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Oops! The light side of lawmen

by Nancy Christofferson
HUERFANO — Huerfano County has had mixed success with the hiring of law enforcement officers throughout its history. There’ve been the good, the mediocre, and the really bad. You can be the judge of which category the following fit into.
La Veta started off on the wrong foot by hiring one W.M. McOmber on Nov. 22, 1876 as its very first marshal. He lasted less than three months before being removed from office for public drunkenness. The town, the City of Walsenburg, and the county itself have all had mixed luck ever since.
Huerfano County’s first sheriff was Donald McKeith, elected in March 1862. By June, Albert W. Archibald was serving and McKeith was operating a grocery store from his home. It is unclear whether he ever even fulfilled his duties.
Early lawmen in Walsenburg were unsung, but a few instances explain why. In 1893, for instance, there’s an item that reads “The marshal made a mistake and put a man somewhat under the influence through the window of Wycoff Brothers drug store instead of in the cooler.” Oops!
The 1895 “Italian massacre”, during which several Italian coal miners of Rouse were shot and killed during transportation to and incarceration in jail, soured the reputations of the lawmen involved. Both the marshal and sheriff lost their jobs within the year.
In 1896 Ed Farr was elected sheriff. Farr would lose his life in 1899 to bank robbers, and is considered one of Huerfano’s early heroes. On the other hand, in 1890, when he was a deputy, Ed dropped his pistol and shot himself in the knee. Oops! In 1898, he proved himself when a man “claimed no man could arrest” him and then cocked his gun. Farr shot him dead but was exonerated since it was clearly self defense.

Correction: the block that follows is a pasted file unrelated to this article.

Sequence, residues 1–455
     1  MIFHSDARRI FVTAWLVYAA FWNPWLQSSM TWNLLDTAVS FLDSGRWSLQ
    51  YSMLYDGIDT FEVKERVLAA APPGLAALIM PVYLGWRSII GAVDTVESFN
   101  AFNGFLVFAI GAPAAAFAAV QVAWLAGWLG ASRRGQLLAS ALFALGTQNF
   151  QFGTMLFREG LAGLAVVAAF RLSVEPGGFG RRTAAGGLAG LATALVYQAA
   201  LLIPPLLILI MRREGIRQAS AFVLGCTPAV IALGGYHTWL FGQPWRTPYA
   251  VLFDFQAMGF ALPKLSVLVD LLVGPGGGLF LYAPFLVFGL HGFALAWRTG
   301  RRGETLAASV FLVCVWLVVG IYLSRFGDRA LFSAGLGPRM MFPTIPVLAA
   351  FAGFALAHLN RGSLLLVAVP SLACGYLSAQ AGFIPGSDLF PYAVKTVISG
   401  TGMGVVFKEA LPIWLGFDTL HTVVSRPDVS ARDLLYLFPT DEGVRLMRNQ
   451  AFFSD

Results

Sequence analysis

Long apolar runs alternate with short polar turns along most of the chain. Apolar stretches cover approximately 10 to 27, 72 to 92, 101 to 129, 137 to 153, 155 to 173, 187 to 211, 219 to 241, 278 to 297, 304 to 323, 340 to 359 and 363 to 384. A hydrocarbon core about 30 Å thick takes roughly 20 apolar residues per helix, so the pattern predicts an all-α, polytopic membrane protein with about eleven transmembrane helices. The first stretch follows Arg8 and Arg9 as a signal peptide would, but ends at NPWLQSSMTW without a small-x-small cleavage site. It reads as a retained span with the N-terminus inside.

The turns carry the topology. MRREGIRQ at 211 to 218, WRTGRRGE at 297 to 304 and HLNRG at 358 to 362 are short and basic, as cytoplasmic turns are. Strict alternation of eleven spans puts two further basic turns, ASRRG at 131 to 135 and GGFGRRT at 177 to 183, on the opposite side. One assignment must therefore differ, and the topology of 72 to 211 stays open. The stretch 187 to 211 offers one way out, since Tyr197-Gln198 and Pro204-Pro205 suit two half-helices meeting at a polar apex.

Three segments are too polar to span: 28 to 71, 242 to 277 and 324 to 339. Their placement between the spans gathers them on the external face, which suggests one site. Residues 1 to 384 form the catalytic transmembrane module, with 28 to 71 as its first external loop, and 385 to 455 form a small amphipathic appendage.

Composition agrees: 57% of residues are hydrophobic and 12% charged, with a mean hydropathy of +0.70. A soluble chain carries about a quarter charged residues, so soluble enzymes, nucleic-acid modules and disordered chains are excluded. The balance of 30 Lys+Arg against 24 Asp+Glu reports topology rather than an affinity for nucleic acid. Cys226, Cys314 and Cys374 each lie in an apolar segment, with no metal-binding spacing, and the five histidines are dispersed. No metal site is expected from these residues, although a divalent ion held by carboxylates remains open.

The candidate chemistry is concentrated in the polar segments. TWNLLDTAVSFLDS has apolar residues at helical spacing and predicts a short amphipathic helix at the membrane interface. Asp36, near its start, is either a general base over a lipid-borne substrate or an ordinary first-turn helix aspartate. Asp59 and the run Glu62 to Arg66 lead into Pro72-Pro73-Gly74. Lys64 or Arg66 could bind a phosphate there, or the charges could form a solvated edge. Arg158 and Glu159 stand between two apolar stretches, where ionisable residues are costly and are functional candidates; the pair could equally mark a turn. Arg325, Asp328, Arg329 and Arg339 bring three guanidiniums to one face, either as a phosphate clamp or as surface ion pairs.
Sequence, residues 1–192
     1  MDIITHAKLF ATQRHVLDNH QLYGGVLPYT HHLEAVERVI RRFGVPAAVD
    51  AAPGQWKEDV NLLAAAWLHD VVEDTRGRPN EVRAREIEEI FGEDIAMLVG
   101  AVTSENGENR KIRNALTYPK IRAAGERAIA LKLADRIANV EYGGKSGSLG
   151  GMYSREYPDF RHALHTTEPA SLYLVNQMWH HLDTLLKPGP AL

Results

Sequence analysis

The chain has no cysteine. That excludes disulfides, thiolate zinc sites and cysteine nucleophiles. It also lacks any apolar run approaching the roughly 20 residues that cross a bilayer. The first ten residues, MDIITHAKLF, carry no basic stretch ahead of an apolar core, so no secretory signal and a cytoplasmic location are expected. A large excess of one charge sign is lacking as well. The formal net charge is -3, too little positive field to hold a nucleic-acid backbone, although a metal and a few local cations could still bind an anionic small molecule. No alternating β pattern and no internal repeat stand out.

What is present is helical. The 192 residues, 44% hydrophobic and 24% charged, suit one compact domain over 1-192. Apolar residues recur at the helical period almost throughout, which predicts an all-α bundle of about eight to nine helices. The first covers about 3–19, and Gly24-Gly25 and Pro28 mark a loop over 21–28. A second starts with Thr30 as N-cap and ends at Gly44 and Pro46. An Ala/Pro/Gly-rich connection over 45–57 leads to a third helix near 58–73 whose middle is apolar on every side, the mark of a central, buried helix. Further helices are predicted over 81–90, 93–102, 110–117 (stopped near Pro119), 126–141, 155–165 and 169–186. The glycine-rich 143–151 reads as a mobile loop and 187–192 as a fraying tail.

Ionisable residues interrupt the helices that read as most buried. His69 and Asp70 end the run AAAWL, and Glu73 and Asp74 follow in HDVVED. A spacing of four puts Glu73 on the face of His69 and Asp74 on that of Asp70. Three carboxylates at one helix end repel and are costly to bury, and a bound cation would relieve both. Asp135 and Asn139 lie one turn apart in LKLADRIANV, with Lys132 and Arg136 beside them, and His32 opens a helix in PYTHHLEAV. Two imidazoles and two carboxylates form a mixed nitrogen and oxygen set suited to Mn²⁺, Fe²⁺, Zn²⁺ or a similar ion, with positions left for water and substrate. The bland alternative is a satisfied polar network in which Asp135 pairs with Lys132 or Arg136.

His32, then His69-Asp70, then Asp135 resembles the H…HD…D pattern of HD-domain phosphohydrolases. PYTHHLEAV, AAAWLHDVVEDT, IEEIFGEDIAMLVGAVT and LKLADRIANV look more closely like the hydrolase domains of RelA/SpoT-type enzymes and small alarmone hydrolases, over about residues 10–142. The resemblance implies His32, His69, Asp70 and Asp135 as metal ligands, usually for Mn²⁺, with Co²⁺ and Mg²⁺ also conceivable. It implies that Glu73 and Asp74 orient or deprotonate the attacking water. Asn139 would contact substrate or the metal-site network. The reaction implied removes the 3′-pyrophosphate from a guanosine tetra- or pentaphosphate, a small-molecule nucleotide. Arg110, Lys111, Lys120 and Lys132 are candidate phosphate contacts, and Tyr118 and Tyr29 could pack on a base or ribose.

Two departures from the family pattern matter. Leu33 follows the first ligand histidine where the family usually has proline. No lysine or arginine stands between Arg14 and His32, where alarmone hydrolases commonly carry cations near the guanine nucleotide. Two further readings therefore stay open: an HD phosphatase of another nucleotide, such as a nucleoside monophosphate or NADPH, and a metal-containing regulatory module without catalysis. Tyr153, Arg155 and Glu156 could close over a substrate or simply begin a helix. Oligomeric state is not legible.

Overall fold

John Caviness became Walsenburg’s marshal in 1897. Caviness was a stockman, livery stable owner and saloon owner, and proved to be an excellent officer. Unfortunately, his two sons were not. His son Curtis, known as Jack, became a deputy but demanded, at gunpoint, whiskey at several pool halls until a more sober or level-headed peace officer caught up with him. On another, later, occasion, he threatened to shoot a man and found himself sentenced to the penitentiary for assault with intent. He evidently got out of his trouble because he soon moved his family to Steamboat Springs and ended up burning to death in California. The other Caviness son, Charles, died in a saloon shootout in 1912.
After Caviness died in 1900, a series of marshals served with little distinction. One of these actually told railroad crews he would start fining engineers who blocked the street crossing for more than five minutes! He lost some of his integrity when he challenged a little girl to a foot race, but fell down and lost the bet. He soon found himself running the roller skating rink and then went into real estate.